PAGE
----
of heroin, two spoons, two needles, one syringe and three.38 caliber bullets. At trial petitioner confessed to possession of the narcotics found in his room.
Petitioner contends that the search and his resultant conviction was constitutionally defective. He contends that the evidence seized should have been suppressed under Mapp v. Ohio, 367 U.S. 643, 81 S. Ct. 1684, 6 L. Ed. 2d 1081 (1961).
Other than the allegation that there was "no probable cause for arrest, search and seizure" he does not say specifically why the search was defective. He merely argues that Mapp applies. Mapp, of course, was decided after petitioner's trial and is not retroactive in its application to convictions which had become final prior to Mapp. See Linkletter v. Walker, 381 U.S. 618, 85 S. Ct. 1731, 14 L. Ed. 2d 601 (1965).
Petitioner contends, however, that since The Pennsylvania Supreme Court in 1971 ordered that he be permitted to file post trial motions nunc pro tunc that his conviction never became "final"
for purposes of Linkletter and therefore, Mapp applies.
The Allegheny County Court of Common Pleas rejected petitioner's argument and held that his conviction was final prior to Mapp. The decision was affirmed per curiam, without opinions, by the Pennsylvania Superior and Supreme Courts.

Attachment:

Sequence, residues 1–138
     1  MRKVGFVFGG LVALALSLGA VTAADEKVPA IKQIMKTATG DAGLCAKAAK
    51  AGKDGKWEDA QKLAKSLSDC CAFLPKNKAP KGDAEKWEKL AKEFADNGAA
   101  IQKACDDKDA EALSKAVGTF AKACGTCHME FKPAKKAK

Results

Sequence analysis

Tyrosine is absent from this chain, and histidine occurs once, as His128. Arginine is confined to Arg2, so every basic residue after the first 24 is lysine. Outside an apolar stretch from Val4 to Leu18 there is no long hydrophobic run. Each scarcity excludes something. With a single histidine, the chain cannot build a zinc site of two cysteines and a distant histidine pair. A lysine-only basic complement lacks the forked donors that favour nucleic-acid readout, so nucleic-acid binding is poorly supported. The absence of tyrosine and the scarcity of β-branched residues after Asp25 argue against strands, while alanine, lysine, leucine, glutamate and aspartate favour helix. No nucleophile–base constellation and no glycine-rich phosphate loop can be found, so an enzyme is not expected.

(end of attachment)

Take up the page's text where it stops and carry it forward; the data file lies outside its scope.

We agree with the result of the state court decisions and, therefore, insofar as the case at bar is concerned, we think that the case is "final" and Mapp does not apply.
In Linkletter the Court discussed the policy reasons why Mapp should not be given retroactive effect. While it is true that this case may no longer be "final" because of the indulgence of the Pennsylvania Supreme Court, we do not think that technical definitions should be employed to override the public policy considerations which the Court discussed. The Court pointed out that:
". . . there are interests in the administration of justice and the integrity of the judicial process to consider. To make the rule of Mapp retrospective would tax the administration of justice to the utmost. Hearings would have to be held on the excludability of evidence long since destroyed, misplaced or deteriorated. If it is excluded, the witnesses available at the time of the original trial will not be available or if located their memory will be dimmed. To thus legitimate such an extraordinary procedural weapon that has no bearing on guilt would seriously disrupt the administration of justice." 381 U.S., at 637-638, 85 S. Ct. at 1742.